German Chancellor Angela Merkel told Greece’s Alexis Tsipras it’s time to back up his good intentions with the policy action required to release aid.
During two hours of talks in Brussels that began late on Wednesday and also included French President Francois Hollande, Tsipras said his government will work with “higher intensity” to find a deal, a German government spokesman said in an e-mailed statement. The discussions took place in a “constructive atmosphere,” the spokesman said.
“The willingness is there to cooperate with the three institutions, it’s now a matter of acting on that,” Merkel told reporters on Thursday. “There was absolute unity that Greece will continue to work emphatically and resolutely with the three institutions in the coming days to clear up all open questions as far as possible.”
With the country’s banking system on the brink and Tsipras’s rearguard action running out of road, Greece’s creditors are leaning on the prime minister to deliver a package of economic reforms and budget fixes to get the country’s finances on track. Tsipras has until the end of the month to release a payment of as much as 7.2 billion euros ($8.2 billion) from the country’s rescue package before the agreement expires.
Greek stocks, which have lost 23 percent since Tsipras began to close in on government in December, jumped as much as 5.8 percent in Athens on Thursday, the biggest gain since February.
Tsipras will meet with European Commission President Jean-Claude Juncker in Brussels on Thursday where both men are attending a European Union summit with Latin American countries, a Greek government official said. The encounter will be a chance for the two leaders to build bridges after exchanging barbs over the past week.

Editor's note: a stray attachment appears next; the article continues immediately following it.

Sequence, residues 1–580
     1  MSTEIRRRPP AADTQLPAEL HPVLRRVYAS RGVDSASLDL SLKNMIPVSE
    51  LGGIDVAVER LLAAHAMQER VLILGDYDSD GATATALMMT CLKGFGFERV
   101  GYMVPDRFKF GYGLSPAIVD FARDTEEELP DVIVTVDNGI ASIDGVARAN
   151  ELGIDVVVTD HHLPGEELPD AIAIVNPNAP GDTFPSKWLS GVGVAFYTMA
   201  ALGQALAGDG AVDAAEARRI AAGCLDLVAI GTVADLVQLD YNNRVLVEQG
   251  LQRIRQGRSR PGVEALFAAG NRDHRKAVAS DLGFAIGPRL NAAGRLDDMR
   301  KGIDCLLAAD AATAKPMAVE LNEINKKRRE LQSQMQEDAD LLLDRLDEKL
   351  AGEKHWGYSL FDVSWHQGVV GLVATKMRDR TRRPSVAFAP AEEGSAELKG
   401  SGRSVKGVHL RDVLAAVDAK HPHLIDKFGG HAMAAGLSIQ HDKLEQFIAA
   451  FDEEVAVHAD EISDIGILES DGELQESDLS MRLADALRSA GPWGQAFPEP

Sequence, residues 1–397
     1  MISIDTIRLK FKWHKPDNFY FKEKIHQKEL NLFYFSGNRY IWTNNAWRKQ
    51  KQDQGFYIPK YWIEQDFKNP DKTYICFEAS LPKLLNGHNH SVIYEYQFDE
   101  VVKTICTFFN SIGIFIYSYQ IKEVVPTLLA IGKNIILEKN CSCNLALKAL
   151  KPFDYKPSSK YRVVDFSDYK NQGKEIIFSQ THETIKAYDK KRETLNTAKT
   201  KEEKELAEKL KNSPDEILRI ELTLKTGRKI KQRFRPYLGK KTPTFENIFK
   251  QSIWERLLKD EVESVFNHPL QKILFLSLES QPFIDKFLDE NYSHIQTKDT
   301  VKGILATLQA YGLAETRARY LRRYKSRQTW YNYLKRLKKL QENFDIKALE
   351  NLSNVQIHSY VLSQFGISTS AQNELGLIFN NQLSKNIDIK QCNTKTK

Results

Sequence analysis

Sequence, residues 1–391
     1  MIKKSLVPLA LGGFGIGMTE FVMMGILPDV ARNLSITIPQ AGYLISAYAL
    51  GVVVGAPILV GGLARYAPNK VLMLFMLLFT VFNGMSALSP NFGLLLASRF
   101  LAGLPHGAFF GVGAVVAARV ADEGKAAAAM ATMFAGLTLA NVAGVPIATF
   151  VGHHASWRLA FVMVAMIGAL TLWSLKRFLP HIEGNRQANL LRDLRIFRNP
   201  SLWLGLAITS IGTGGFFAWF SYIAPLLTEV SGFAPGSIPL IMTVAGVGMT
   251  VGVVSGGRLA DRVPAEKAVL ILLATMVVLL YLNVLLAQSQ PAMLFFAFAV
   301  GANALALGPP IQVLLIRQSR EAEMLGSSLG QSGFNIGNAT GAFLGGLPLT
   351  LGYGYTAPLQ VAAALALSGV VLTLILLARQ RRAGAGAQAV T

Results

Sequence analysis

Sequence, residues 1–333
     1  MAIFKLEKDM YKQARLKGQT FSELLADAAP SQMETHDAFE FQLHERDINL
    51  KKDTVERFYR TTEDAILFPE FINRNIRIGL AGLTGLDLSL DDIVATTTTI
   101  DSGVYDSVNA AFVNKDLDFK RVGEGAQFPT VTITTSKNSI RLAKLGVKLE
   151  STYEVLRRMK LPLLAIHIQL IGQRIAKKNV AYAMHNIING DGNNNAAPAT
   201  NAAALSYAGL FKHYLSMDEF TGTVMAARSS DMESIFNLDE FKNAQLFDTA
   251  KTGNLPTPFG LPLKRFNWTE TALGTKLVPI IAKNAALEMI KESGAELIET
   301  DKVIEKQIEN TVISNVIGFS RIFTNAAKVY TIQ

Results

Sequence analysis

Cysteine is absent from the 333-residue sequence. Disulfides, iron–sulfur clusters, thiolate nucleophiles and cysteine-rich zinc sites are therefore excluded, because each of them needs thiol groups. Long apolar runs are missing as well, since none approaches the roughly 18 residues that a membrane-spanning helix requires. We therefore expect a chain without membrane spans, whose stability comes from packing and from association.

“I hope this brings about the necessary progress,” Merkel said. “Every day counts.”
Greece wants a nine-month extension to the bailout to allow more time to work out its reform program, an official from the administration in Athens said Wednesday. It’s difficult for Tsipras to concede more ground to the country’s creditors, the official added.
Actually, most Greeks may be ready for Tsipras to bow to the creditors’ demands, according to a Marc poll of 1,001 people conducted this week for Alpha TV. In the survey, 50.2 percent of respondents said Greece should accept the creditors’ plan compared with 37.4 percent who said the prime minister should stand firm.
Syriza leads the main opposition party, New Democracy, by 34 percent to 20 percent and 77 percent said they wanted Greece to stay in the euro. The pollster gave no margin of error.
The European Central Bank already handed Greece a boost, authorizing the biggest increase in emergency funding for the country’s banking system in almost four months during a teleconference on Wednesday.
The Governing Council increased the limit on Emergency Liquidity Assistance by 2.3 billion euros ($2.6 billion) to 83 billion euros to replace deposit outflows. Before the ECB stepped in, banks’ cash reserves were down to about 700 million euros, a person familiar with the data said.
“Policy makers are losing control of the situation on the ground,” Mohamed El-Erian, chief economic adviser at Allianz SE and a Bloomberg View columnist, said in a television interview. “Even if you come up with another band aid, this is not a situation that’s going to be solved any time soon.”
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